ESH475SW-V2 Beulah Elixir Switch/Scandi Shooting Head 9/10 31 475 $48
ESH500SW-V2 Beulah Elixir Switch/Scandi Shooting Head 9/10 31 500 $48
Beulah Elixir Spey/Scandi Shooting Head
These Scandi style heads are designed to balance perfectly with Beulah Platinum and Beulah Onyx series two-hand rods. They also mate up well with most other brands of rods, as with all the Scandi Lines, Elixirs are designed to fish smaller flies. Either regular knotless tapered leaders or PolyLeaders may be used with Elixir lines. Color: Sky Blue. Laser I.D. on all lines for easy identification.
Item Description Size Length (ft) Weight (gr) Price To Top
ESH375SP-V2 Beulah Elixir Spey/Scandi Shooting Head 6/7 31 375 $48
ESH400SP-V2 Beulah Elixir Spey/Scandi Shooting Head 6/7 31 400 $48
ESH425SP-V2 Beulah Elixir Spey/Scandi Shooting Head 6/7 33 425 $48
ESH450SP-V2 Beulah Elixir Spey/Scandi Shooting Head 7/8 33 450 $48
ESH475SP-V2 Beulah Elixir Spey/Scandi Shooting Head 7/8 33 475 $48
ESH500SP-V2 Beulah Elixir Spey/Scandi Shooting Head 7/8 36 500 $48
ESH525SP-V2 Beulah Elixir Spey/Scandi Shooting Head 8/9 36 525 $48
ESH550SP-V2 Beulah Elixir Spey/Scandi Shooting Head 8/9 36 550 $48
Cuban Permit
By: Jon Covich

OK.....every once in a while hard work should be rewarded. Although I am not sure where the hard work was? But anyway, have I to tell the story of this Permit. Several days in to our recent trip to Cayo Cruz, I was in a skiff with Jaco, a cool Canadian by way of South Africa. Jaco had been up on the bow for a few hours in the morning, and wanted to sit for a bit. Not a problem Jaco.....I am glad to be on the bow!
Only a few minutes later, I saw this Permit from nearly 100 yards. It was over white sand, and visible as could be. Once we got close, I put the fly in front of him.....in fact I figure I put it in front of him 20 or 30 times! And in between, we changed flies 3 or 4 times, and had a line tangle cluster (thanks for the help Jaco), and all the while this Permit just hung out. Talk about a happy fish.
And guess what....he finally ate the fly. It was a solid 40 minutes before our guide was able to tail the fish, and all during the fight I was sure we were going to lose it. He fought like a bruiser buck steelhead......no crazy burning runs, but no give at all. Yonghar, our guide, said it was the second biggest Permit he had seen landed in 18 years of guiding in Cuba. He thought the fish weighed somewhere between 30-35 pounds.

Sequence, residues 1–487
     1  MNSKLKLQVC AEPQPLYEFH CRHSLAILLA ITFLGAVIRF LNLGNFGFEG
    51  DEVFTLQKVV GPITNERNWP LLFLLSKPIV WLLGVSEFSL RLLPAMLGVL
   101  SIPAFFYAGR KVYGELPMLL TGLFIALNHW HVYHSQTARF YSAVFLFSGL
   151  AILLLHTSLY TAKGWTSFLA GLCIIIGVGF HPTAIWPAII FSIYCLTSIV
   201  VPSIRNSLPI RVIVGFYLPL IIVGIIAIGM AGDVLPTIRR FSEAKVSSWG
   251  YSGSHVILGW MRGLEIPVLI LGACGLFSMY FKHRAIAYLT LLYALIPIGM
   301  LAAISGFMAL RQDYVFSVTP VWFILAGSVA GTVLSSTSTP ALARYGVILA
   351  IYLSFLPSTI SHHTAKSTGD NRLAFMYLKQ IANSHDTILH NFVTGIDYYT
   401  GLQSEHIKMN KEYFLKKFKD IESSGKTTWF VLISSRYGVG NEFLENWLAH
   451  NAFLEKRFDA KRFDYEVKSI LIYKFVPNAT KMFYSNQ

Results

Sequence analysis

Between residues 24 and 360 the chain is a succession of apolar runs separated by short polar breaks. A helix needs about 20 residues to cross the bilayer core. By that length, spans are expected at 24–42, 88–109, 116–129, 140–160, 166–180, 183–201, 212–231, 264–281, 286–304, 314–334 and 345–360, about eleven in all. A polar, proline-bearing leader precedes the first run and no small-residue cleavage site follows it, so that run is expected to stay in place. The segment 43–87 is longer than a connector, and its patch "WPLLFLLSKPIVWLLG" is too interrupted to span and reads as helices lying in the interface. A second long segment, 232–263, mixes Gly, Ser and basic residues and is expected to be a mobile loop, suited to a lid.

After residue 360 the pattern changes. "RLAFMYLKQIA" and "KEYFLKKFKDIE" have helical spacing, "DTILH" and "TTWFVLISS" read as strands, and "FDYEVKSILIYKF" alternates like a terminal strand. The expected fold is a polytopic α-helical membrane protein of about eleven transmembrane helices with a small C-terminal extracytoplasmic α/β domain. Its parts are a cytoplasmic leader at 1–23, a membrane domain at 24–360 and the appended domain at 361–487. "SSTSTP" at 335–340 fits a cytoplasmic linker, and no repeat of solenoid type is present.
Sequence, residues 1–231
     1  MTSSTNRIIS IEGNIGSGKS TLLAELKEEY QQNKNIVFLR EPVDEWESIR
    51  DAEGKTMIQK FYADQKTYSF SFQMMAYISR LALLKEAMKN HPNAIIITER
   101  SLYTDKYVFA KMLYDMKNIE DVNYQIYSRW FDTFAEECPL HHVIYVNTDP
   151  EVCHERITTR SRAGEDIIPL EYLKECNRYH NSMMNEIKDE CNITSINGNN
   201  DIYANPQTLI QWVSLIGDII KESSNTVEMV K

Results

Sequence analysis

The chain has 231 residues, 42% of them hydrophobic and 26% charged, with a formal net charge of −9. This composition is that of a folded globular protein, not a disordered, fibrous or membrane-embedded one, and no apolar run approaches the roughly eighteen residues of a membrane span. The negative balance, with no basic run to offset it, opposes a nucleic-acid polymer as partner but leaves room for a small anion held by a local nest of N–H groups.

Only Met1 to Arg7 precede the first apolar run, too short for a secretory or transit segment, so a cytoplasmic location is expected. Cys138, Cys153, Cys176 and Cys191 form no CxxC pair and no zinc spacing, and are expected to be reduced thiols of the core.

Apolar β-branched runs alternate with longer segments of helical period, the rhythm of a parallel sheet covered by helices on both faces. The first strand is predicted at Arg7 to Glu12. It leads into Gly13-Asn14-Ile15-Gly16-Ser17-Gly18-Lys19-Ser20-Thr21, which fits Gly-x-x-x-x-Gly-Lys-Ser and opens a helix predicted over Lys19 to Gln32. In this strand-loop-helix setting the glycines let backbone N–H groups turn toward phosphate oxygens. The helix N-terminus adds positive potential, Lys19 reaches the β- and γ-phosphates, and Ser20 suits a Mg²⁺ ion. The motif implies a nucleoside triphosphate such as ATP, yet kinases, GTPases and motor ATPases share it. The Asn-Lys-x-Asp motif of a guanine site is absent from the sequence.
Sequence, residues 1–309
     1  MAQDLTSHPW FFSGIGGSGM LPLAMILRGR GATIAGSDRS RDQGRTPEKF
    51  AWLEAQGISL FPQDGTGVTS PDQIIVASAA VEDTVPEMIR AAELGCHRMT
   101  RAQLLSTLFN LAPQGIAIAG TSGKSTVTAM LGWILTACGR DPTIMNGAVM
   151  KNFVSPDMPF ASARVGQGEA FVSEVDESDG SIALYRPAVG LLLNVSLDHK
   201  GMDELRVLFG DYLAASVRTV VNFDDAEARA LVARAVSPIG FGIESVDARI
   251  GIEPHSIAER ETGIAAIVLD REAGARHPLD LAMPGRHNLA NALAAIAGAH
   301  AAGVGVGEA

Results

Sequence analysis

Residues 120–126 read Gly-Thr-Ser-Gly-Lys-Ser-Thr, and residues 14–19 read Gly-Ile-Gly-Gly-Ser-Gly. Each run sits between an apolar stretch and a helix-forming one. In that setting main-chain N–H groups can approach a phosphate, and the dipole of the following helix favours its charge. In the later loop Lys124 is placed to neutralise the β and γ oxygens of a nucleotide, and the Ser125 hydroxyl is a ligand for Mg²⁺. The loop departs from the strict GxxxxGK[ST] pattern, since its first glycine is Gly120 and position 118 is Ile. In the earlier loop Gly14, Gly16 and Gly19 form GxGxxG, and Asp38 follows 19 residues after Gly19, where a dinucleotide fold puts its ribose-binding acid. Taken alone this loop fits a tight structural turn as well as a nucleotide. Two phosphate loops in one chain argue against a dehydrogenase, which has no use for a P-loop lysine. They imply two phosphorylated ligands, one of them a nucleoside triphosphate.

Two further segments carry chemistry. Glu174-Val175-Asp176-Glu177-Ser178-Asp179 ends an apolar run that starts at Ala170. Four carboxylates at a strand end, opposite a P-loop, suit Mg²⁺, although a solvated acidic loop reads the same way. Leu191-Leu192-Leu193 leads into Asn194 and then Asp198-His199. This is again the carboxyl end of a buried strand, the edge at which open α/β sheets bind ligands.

I think, without a doubt, that is the fish of my lifetime. I think back to all the fish I have caught, and a few really stick out. I once hooked 2 steelhead over 20 pounds in back to back days fishing the Stillaguamish. And I will always remember the 11 pound Brown I caught in a lake in Argentina. But I am not sure I am going to top this fish.

 
The Big One That Got Away: Entry #15
Rich Domingue

This is a story about Jim Poor, the proprietor of Angler’s All, a fly shop located on US 85 (Santa Fe Blvd) in Littleton, a bit south of Denver, Colorado.  It’s a story told around the fires of fishing camps – where I heard it.  I have it on good authority (a shop manager) and having met the man on several occasions, I assume it’s true.  But like all such stories, it has become a myth and each teller adds their own embellishments along the way.  This is how I remember the story.

In the early 70s I frequented Angler’s All for fly tying materials while I was going to Arapaho Community College, a short walk south of the store.  Jim was widely regarded as the guru of the South Platte, particularly its Cheesman Canyon stretch downstream from Cheesman Dam where tiny flies and gossamer leaders were the rule.  These were my angling “formative years” and under Jim’s tutelage and the Cheesman “classroom”, I gradually became proficient at fishing the river, mostly with flies size 18 and smaller. 

While Jim was generous with his information, but when questioned, especially when doubted, he could become dismissive and a bit curmudgeonly.  At the time, I felt his shortness was due to the fact that I generally spent less than $5 at the shop, buying carded and bagged materials that cost 25 to 50 cents a piece.  I rolled my own rods and tied my own flies and seldom even touched the beautiful Winston, Scott, and Orvis rods in the shop.  These were boom days in Colorado and those who had caught the rocket and vacationers from points south kept Jim in business.  Naturally, he spent more time with them.  This story exemplifies his character.

One day a big guy with a cowboy hat strode into the shop wanting to buy whatever he needed to catch those Cheesman trout.  Jim dutifully laid out the patterns most likely to be successful; tiny hare’s ears, pheasant tails, brassies, and blue winged olives, and spools of 6 and 7X tippet - just the ticket for a successful day on the Platte.

Mr. Big Hat took one look at Jim’s offerings and loudly said, “I want to catch trout”, extending his arms widely indicating he wanted to catch big ones, “not minners!”  As the man continued to berate those tiny offerings as a “joke”, Jim impassively (on the outside, inside I would bet he was fuming) tied a tiny brassie to a length of tippet.  When Mr. Big Hat stopped to catch his breath, Jim lifted the tiny fly to the man’s eye level and said, “Here, put this in your mouth.  When I pull tight and its hooked in the corner of your mouth, you’ll go wherever I lead you!”  At this, Mr. Big Hat, no doubt streaming obscenities as he walked, left the store.  Everyone in the store started laughing, except ole Jim – I suspect he wanted to hook and land that Texan.

 
This is the last issue of the newsletter writing contest.